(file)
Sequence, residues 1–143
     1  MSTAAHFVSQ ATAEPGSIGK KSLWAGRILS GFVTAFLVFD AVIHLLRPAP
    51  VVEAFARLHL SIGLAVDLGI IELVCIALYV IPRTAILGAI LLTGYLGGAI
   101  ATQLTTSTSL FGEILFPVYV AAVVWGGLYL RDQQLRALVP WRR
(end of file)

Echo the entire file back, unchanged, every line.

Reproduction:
Sequence, residues 1–143
     1  MSTAAHFVSQ ATAEPGSIGK KSLWAGRILS GFVTAFLVFD AVIHLLRPAP
    51  VVEAFARLHL SIGLAVDLGI IELVCIALYV IPRTAILGAI LLTGYLGGAI
   101  ATQLTTSTSL FGEILFPVYV AAVVWGGLYL RDQQLRALVP WRR